Export expansion has been critical to the survival of Greek fresh produce firms as the country begins to emerge from almost a decade of economic recession, a Cretan distributor has said.
Many fruit and vegetable suppliers that previously focused on the domestic market have placed a growing emphasis on Eastern European markets in recent years, with particular focus on neighbouring Bulgaria and Poland, according to Fruit Line’s sales director Konstantinos Kapnisakis.
Although Greece has returned to economic growth in the past few quarters, he insists that export markets are more attractive than the domestic one, offering higher returns and better terms of payment.
Explaining Fruit Line’s move into exports, he said: “The crisis was difficult for us but we started new contracts with other supermarkets, we specialised in exports, and this year I think our profit will be 10 per cent higher than last year. That will be mainly thanks to exports.
“In exports the terms of payment are better than in Greece and, especially in the last two years, many distributors have moved into exports because the Greek economy is [still] dead.
“If you have big quantities and you aren’t able to distribute them, you lose money, so you have to find another solution. Exports are the solution.
“Mostly, distributors are looking at Bulgaria and Poland, which is a central target for all Greek distributors because it’s a big market.”
The Crete-based packing and export company saw its sales volumes decrease by a fifth back in 2012 amid the global financial crisis and severe austerity in Greece.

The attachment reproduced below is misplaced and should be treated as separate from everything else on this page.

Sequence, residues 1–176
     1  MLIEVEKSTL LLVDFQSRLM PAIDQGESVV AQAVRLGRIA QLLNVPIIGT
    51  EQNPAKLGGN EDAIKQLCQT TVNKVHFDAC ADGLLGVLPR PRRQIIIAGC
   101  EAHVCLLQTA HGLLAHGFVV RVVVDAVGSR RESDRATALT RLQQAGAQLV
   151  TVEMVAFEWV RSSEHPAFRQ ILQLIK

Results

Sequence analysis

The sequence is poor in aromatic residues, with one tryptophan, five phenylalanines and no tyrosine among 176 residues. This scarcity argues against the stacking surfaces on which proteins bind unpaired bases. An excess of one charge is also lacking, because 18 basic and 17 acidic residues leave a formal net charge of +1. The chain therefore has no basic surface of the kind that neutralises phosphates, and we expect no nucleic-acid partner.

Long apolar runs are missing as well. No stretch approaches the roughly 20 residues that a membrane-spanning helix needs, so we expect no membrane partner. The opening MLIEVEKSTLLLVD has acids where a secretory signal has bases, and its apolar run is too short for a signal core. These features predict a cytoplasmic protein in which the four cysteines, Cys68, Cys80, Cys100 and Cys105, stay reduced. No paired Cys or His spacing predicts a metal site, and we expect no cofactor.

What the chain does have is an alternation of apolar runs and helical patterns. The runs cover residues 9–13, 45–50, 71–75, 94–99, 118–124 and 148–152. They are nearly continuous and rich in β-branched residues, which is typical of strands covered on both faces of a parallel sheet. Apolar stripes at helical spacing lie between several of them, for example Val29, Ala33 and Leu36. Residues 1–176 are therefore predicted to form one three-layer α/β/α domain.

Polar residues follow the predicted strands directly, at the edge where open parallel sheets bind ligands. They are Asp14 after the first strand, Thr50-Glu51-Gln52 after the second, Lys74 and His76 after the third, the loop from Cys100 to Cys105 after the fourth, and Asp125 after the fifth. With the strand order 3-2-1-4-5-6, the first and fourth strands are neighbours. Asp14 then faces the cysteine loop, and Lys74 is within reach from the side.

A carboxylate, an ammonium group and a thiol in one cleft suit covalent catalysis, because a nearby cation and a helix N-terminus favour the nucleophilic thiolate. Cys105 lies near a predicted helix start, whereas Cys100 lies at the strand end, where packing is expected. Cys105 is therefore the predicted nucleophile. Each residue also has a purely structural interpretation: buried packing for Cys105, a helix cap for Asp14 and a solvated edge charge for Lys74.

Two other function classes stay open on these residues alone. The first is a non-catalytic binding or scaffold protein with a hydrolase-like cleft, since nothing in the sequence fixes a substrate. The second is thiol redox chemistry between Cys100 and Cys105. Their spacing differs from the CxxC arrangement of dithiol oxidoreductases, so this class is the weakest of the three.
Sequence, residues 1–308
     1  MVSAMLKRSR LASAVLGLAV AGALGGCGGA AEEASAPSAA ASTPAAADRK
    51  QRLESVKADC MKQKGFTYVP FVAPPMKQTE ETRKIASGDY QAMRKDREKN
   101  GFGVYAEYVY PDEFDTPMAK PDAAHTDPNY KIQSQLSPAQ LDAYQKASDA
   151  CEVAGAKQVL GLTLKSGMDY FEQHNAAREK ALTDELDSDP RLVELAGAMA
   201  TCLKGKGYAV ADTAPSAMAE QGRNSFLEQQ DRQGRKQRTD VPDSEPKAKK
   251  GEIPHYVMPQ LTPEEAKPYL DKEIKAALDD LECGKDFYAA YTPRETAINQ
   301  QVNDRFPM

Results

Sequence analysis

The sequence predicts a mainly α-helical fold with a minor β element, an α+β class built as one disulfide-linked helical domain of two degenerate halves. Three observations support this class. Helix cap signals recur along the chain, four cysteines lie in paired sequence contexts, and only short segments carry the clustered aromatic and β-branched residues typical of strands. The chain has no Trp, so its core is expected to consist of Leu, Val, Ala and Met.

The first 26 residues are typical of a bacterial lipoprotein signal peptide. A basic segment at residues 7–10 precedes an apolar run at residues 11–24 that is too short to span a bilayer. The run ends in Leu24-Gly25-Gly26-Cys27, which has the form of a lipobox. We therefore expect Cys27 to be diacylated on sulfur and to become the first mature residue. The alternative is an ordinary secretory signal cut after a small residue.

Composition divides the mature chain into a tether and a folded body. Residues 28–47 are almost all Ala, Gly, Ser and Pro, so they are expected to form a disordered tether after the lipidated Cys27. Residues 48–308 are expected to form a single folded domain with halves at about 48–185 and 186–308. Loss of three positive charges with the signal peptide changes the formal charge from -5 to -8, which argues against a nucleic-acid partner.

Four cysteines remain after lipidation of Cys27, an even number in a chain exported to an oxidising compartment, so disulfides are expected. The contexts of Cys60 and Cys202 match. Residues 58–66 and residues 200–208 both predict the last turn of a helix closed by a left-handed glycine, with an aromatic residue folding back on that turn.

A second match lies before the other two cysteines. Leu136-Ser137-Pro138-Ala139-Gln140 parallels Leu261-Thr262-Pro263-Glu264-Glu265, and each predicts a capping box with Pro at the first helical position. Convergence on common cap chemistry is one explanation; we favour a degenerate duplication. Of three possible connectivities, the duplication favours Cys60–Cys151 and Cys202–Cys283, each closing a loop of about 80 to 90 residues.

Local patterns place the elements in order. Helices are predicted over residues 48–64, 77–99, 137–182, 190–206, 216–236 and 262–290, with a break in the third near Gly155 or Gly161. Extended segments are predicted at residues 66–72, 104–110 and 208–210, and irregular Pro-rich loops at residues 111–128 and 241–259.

That year the company lost its biggest supermarket contract with Carrefour, when the French retailer’s sales plummeted across Europe, costing Fruit Line around 50 per cent of its revenue.
New domestic retail customers were found in the shape of Metro, Sklavenitis (which undertook the management of Carrefour stores), Masoutis and Inka, but with Greek consumers’ penny pinching amid severe austerity, the company was also forced to look further afield to keep itself afloat.
Before 2012 Fruit Line only exported to Bulgaria, but after Carrefour’s crash the company started sending produce to Poland, the Ukraine and, in smaller volumes, to Romania and Germany.
Cucumbers account for the majority of Fruit Line’s exports, with tomatoes and peppers the country’s other main products.
Going forward, Kapnisakis said he wants to send more mixed trucks, as opposed to single product consignments, as well as continuing to increase export volumes.
At present, the company sends daily deliveries of around 10 pallets to Bulgaria and three trucks a week to Poland.